Have Australian politics stabilized or will we see more prime ministers with shortened terms?

By: | Post date: May 9, 2017 | Comments: No Comments
Posted in categories: Australia

  • Polling for the major parties even and low at 37%.
  • Parties eroded both from their radical flanks (Labor by Greens, Liberals by host of right wing parties), and from centrist populists (Nick Xenophon).
  • Liberal Party split between moderates and conservatives, with conservatives openly sniping at Turnbull or breaking away, and several conservative pretenders waiting in the wings.
  • Only the embarrassment of having more leadership spills than Labor is holding the Lib conservatives back.
  • Rudd’s last hurrah as second-time PM was to change the rules for how the leader of the Labor party is voted in, to give the membership a vote, and prevent repetitions of rapid coups.
  • No obvious challengers within the Labor party to Shorten right now; Albanese and Plibersek to his left are being loyal.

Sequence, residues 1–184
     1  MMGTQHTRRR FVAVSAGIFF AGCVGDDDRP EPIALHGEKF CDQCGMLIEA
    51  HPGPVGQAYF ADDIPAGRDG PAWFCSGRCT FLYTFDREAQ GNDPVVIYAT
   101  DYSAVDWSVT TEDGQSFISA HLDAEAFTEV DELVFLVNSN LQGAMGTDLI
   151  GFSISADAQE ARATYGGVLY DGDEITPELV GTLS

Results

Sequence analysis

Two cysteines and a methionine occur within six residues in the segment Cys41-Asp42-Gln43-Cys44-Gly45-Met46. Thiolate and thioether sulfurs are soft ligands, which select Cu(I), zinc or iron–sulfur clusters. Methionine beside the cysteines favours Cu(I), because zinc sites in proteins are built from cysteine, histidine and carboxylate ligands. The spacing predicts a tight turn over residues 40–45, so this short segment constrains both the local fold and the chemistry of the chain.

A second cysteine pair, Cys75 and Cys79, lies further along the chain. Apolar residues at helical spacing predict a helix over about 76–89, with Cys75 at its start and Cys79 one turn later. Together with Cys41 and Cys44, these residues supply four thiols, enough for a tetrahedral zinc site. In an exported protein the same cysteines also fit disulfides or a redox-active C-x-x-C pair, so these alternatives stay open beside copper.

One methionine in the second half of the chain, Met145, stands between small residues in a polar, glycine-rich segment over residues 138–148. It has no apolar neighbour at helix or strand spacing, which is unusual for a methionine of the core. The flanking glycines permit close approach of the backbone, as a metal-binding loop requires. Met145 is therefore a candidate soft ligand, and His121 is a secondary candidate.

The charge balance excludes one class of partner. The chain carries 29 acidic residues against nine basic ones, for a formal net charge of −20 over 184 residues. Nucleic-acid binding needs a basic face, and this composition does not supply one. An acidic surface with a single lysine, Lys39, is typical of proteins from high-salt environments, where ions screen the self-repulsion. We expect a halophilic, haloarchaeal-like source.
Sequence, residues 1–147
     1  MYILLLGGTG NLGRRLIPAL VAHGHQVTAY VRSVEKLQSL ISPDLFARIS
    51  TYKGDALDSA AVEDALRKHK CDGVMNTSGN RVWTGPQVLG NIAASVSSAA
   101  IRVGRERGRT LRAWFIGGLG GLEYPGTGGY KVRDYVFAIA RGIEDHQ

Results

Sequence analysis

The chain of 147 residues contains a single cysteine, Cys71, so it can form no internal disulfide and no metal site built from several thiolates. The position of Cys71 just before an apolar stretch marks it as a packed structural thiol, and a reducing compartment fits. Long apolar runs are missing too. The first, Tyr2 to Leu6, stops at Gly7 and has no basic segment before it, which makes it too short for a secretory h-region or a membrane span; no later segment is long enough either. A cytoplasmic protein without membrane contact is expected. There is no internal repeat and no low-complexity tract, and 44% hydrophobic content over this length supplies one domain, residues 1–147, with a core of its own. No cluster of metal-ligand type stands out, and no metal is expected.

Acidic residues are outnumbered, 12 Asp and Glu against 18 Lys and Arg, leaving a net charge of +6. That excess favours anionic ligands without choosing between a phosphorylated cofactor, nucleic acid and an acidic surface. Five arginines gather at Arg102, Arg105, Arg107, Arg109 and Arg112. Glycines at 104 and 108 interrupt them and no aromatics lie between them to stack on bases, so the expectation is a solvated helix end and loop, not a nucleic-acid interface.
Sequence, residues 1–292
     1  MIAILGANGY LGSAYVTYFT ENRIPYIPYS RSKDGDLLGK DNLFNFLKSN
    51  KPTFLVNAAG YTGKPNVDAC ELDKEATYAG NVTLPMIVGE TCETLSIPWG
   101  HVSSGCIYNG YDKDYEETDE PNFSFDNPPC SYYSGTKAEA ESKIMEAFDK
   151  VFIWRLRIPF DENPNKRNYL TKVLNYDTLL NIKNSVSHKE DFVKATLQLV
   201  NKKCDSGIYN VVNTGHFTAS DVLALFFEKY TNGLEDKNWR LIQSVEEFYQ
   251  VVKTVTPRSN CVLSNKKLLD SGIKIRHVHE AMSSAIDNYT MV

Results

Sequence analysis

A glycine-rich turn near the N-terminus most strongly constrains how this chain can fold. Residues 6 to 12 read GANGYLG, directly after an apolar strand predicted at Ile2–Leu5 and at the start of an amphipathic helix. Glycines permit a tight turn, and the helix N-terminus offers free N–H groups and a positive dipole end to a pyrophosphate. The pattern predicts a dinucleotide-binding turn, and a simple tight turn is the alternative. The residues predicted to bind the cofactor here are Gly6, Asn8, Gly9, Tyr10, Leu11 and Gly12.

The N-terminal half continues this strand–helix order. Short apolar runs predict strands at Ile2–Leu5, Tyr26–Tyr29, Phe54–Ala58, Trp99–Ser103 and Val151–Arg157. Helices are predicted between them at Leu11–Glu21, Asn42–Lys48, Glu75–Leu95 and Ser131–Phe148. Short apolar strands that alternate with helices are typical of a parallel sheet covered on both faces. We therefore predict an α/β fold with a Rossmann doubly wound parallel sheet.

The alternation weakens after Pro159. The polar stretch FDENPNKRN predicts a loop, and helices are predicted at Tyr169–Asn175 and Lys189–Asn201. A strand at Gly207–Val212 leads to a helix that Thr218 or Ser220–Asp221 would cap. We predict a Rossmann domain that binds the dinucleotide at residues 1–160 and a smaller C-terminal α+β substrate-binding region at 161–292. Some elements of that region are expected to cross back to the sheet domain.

• Labor, after a lot of bloodletting, is currently stable, and have put structures in place to keep them stable; but that may well change again if they’re in government. The Libs are not looking like a happy family in government, and they’ve never had the discipline around factions that Labor did.
  • The fundamentals that toppled all those PMs in a row are still there: neck-to-neck polling, panicky parliamentarians, populace disengaged with the major parties, lack of ideological cohesion or direction in the major parties, personality-driven rather than caucus-driven politics.

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